Blockbuster CEO calls it quits

Antioco to leave at year's end

John Antioco, the man synonymous with Blockbuster’s dominance in the vidtail arena, is ankling after a nasty compensation battle.

The departure, signaled in an SEC filing Tuesday, was treated as a non-event in the vid biz given longstanding tension between the topper and Carl Icahn, a major Blockbuster shareholder.

Wall Street was unimpressed, as shares slid 3.5% to $6.86 in heavy trading upon news the CEO would depart the chain by year’s end.

Under terms of his agreement, Antioco will receive a $3.05 million bonus for 2006 — a compromise between the $7.65 million Antioco believed he was due and the $2.28 million proposed by the board — plus a lump sum payment of $4.99 million upon departure instead of the $13.5 million for which he was eligible upon departure had the board not invoked a negative discretion clause.

The settlement is viewed as a victory by Icahn. The tussle was first disclosed in February, when the chain reported mixed fourth quarter and full-year results.

Although Antioco and Icahn painted the agreement as one that would allow for orderly transition, the exit comes at a tricky time for the chain. Once so powerful it could all but dictate terms to studios, the vidtailer is grappling with online competish and digital downloads, not to mention competish from sell-through heavyweights such as Wal-Mart. Although Antioco had taken his knocks lately, his departure nonetheless raises questions about the chain’s ability to navigate the future.

“You know what? Nobody’s crying for them,” said one homevid exec. “Yet they still represent a significant chunk of business so nobody wants them to go away.”

Rentals, which rep about a third of the vid biz’s $23.6 billion annual coin Stateside, have been showing promising signs of growth lately after having been virtually written off. Wall Street is far more interested in emerging technologies, such as high-def DVDs, online rentals or digital downloads, however.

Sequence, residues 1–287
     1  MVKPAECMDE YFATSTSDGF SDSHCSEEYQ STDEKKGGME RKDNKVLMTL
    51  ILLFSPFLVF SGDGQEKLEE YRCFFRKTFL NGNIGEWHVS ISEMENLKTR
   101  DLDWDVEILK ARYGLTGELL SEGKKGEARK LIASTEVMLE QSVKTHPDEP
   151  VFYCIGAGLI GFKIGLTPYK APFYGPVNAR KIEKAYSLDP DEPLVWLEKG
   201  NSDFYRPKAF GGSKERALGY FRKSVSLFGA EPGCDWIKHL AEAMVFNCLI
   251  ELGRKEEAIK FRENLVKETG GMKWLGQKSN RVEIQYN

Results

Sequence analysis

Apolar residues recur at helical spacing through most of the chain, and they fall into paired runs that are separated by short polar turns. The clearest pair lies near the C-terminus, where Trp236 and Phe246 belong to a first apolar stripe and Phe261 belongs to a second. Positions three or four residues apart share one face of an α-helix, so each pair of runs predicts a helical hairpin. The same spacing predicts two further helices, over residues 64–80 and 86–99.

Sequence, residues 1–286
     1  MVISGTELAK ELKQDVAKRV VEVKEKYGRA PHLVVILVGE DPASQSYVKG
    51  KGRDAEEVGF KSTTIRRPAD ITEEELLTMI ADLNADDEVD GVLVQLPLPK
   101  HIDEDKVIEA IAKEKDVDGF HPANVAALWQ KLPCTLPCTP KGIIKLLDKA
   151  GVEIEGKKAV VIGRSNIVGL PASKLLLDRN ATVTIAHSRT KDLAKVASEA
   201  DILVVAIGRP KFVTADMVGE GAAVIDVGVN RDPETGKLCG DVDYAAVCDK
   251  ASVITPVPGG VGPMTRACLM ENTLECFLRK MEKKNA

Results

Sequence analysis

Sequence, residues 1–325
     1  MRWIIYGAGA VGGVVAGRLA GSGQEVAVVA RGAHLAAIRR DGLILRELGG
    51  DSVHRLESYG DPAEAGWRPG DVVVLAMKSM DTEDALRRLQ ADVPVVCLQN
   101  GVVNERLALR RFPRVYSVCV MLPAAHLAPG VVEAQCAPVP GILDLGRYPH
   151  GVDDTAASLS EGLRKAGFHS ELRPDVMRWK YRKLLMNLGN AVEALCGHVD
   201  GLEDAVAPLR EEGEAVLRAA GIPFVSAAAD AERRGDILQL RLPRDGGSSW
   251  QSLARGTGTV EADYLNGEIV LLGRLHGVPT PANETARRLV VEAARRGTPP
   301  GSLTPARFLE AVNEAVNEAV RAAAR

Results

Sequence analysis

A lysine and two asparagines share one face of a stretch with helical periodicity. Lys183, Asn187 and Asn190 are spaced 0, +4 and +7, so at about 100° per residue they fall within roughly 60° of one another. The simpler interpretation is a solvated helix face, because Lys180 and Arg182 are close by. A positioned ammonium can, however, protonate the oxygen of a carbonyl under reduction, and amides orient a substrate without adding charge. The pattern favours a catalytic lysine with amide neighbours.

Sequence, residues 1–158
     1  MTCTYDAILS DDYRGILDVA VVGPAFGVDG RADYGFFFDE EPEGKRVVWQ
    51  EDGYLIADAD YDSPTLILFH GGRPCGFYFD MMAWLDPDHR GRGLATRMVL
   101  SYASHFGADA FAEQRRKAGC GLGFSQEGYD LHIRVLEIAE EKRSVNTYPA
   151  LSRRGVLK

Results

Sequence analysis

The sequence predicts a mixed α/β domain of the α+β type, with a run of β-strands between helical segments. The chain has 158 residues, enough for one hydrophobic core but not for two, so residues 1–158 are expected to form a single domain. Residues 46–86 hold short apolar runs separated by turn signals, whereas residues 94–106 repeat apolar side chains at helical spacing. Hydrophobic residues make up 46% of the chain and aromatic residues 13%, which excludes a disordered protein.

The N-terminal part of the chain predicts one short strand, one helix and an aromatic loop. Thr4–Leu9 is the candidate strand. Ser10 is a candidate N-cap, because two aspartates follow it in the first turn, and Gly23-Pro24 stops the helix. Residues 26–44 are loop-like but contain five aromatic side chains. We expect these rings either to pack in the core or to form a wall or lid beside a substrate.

Jeff Logsdon, an analyst with BMO Capital Markets, which does not own any Blockbuster shares, downgraded the stock to “market perform” from “outperform.”

Although Blockbuster has had recent success with its Total Access campaign, which emphasizes a “bricks and clicks” strategy, the analyst said Antioco embraced online too late, after ceding too much ground to Netflix and others.

“In the early years of the online rental business, there was little interest in investing there,” Logsdon said.

Netflix shares rose 5% on the day to $22.48.

Logsdon said Antioco’s departure raises three worrisome scenarios for investors: a potential sale, the exit of a CEO whose company’s shares doubled over the past six months and more turmoil in the video business, which is grappling with flattening DVD demand and new technologies.

Antioco’s 10-year stewardship spanned the emergence of revenue-sharing deals with the studios to the DVD explosion, thorny spinoff from former parent Viacom and its current guise as a Net hopeful.

When he was newly arrived from turnaround stints at Circle K and Taco Bell, the chain was reeling under an ill-fated overhaul by Bill Fields, a former Wal-Mart exec. Antioco quickly restored focus on video rentals and his turnaround earned high praise from Sumner Redstone with his resurrection of Blockbuster’s fortunes.

In 1998, Redstone vowed, “One way or another, we’ll be together forever.” The dialogue seemed straight out of Paramount’s then-smash “Titanic.”

The chain withstood an aggressive challenge by Hollywood Video and eventually tried to buy it two years ago. In its heyday, studios chafed at Blockbuster’s might. Today, however, Wal-Mart is the 800-pound gorilla for the vid biz.

But even execs who went head to head with Antioco admired his leadership.

“I have a great deal of respect for John, and he has shown enormous ingenuity in running Blockbuster,” said longtime Warner Home Video topper Warren Lieberfarb, now a consultant.

Lieberfarb credits Antioco with quickly embracing revenue-sharing shortly after he arrived at Blockbuster. “He was ingenious throughout his tenure at Blockbuster and in promoting it,” he said. “And I’m sure he will continue to have a great deal of success.”

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